He is also an antagonist, and a damn good one—a trait which is a little rusty in my own 33-year-old repertoire, but not at all foreign. This year, my visit quickly took on a familiar rhythm—he would say something designed to make me angry, like: “Now that Trump’s president, I feel like I can do whatever I want.” Or, flashing me a look like I had been employed as Hillary’s personal speechwriter: “Looks like the deplorables won.” Or, much worse—use your imagination. At which point I would feel a flash of anger, suppress it quickly, and go back to enjoying the company of my other family members while he planned his next charm offensive. I learned long ago that striking back, using my own powers to wound him, only led to fights—sometimes physical, and always spoiling things for the entire family. Worse, they made me feel ludicrous and cheap for rising to the bait.
Now, every visit is a contest to see whether he can provoke me into lashing out before it’s time to flee home for another year. Lately, I’ve been “winning” these exhausting mental battles, both because I now have a wife that can sense my darkening mood and calm me down, and because he’s turned slightly less combative as he enters his young adulthood. But of course, there’s no real winner here—I dread the encounters beforehand, I suffer in the process, and the relief when I finally escape is matched, I imagine, by a kind of bitterness on his end. Even without the climactic fistfight, the whole thing is deeply unhealthy, and deeply tiring. There have been occasional signs that things are improving with time, but we are also drifting apart philosophically, and the 2016 election certainly didn’t help.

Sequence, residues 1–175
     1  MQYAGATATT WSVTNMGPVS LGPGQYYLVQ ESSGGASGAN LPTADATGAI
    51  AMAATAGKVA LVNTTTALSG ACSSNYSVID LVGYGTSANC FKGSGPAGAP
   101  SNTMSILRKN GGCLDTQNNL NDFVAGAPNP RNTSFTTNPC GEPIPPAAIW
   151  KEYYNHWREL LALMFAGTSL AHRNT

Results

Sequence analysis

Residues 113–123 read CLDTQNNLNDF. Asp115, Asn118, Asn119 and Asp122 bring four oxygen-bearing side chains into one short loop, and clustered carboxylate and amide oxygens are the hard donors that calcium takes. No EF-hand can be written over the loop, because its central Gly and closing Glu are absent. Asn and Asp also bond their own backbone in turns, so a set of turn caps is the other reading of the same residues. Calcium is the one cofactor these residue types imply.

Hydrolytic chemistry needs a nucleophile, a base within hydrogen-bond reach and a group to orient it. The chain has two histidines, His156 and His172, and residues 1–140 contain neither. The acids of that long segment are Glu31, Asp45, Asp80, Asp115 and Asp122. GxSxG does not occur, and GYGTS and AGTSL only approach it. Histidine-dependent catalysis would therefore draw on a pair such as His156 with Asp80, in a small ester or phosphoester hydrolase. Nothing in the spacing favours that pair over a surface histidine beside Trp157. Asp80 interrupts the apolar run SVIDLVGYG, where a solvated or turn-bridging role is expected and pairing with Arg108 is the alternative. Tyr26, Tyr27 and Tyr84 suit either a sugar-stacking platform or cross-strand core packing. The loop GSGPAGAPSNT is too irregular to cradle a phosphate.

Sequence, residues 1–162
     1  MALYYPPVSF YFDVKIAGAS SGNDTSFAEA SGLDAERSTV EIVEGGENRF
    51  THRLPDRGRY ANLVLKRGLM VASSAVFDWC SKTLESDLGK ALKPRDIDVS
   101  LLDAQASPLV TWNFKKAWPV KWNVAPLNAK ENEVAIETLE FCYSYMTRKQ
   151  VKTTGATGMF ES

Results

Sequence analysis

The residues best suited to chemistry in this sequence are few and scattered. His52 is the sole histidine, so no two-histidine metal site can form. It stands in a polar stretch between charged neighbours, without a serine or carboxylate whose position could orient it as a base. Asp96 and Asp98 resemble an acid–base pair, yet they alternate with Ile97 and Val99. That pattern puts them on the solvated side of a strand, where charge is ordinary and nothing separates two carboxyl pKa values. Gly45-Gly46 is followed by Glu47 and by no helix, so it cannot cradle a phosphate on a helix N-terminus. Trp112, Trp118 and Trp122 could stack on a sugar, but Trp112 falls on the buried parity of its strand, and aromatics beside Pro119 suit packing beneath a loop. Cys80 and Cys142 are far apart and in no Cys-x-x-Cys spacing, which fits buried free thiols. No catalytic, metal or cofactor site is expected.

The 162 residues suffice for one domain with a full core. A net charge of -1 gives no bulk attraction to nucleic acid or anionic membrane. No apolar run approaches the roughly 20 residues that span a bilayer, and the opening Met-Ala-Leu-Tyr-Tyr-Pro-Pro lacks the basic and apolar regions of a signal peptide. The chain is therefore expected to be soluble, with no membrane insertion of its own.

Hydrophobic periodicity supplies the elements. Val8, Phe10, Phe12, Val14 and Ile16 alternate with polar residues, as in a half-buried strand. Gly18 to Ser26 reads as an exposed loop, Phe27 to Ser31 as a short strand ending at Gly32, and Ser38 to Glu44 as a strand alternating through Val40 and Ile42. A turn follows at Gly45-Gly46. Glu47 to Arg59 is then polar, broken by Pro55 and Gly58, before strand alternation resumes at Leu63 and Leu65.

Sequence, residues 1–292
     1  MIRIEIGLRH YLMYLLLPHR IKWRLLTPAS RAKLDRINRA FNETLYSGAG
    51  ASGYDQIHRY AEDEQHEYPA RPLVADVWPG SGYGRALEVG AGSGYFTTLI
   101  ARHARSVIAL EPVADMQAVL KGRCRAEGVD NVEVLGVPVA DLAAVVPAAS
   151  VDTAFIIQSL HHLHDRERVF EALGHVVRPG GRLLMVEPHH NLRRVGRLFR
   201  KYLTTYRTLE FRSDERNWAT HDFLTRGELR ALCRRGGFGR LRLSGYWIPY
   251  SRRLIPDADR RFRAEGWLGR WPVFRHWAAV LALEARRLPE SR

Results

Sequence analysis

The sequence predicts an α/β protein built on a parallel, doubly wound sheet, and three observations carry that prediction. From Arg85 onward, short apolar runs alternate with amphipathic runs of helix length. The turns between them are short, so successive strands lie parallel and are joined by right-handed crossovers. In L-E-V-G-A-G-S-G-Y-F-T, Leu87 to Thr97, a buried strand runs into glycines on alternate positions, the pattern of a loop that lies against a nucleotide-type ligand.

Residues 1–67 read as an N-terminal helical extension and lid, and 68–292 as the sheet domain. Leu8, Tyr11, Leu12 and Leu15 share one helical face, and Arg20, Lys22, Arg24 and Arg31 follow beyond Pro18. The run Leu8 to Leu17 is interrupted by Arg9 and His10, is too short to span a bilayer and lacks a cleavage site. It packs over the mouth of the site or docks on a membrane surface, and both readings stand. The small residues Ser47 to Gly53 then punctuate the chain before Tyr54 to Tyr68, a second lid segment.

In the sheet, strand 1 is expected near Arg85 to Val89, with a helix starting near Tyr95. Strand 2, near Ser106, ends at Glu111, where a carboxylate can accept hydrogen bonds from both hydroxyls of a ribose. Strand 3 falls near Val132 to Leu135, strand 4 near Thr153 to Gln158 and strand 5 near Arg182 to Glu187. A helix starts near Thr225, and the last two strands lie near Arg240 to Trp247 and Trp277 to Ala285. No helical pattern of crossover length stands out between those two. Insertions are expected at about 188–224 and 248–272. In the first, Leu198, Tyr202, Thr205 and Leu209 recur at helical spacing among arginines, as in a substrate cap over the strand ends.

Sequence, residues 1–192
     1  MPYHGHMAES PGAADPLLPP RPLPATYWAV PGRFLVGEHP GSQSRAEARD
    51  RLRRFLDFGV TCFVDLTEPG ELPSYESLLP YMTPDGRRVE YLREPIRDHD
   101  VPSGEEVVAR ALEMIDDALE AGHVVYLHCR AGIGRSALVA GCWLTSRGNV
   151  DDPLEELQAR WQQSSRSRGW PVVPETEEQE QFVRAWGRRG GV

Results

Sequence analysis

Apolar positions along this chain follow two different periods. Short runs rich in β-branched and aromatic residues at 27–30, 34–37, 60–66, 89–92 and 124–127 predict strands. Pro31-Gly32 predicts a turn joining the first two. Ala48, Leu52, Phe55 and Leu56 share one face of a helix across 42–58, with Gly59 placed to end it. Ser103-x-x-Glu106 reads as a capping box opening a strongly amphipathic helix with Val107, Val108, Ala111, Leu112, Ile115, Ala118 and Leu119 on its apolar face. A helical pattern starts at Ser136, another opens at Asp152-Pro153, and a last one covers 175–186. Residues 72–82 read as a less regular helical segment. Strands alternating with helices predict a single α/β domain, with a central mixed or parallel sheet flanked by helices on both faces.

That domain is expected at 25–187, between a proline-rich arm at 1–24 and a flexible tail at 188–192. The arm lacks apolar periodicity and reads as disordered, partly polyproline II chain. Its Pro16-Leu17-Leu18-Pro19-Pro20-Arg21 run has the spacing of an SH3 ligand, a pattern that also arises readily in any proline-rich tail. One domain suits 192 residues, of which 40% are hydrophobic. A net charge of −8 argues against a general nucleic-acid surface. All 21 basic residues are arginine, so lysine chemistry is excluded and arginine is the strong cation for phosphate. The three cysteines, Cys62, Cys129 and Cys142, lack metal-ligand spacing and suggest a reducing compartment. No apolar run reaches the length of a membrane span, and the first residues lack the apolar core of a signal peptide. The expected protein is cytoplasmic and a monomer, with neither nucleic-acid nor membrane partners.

And yet, he still likes and wants to spend time with me, and we can still have interesting conversations, and I still feel a deep sympathy for him, and there are moments when it feels like we could be good friends—and these are only a few of the paradoxes I encounter each December. It was no surprise, then, that on the second day of our visit, he wanted to see a movie with me and my wife. And it’s no surprise that moments before leaving, he made some comment I can’t remember about Trump that irked me enough to tell him we weren’t going anymore, or that my wife reminded me to grin and bear it just before I said something really nasty, or that when he came out to the car, he was wearing a red “Make America Great Again” hat. Which I let pass without comment.
We shared a giant tub of popcorn, we enjoyed Manchester By the Sea, and afterward, when he asked us to drive him to the Mobile gas station so he could purchase chewing tobacco and a $50 gift certificate for our Christmas president, he said something that should have horrified me.
“Did you see that guy who came in toward the end of the movie?”
Yes, I remembered—he was the custodian, young, chubby, brown of skin, harmless, wheeling a garbage can, and he had entered before the credits and stood by the entrance, waiting for the movie to end so he could pick up our garbage.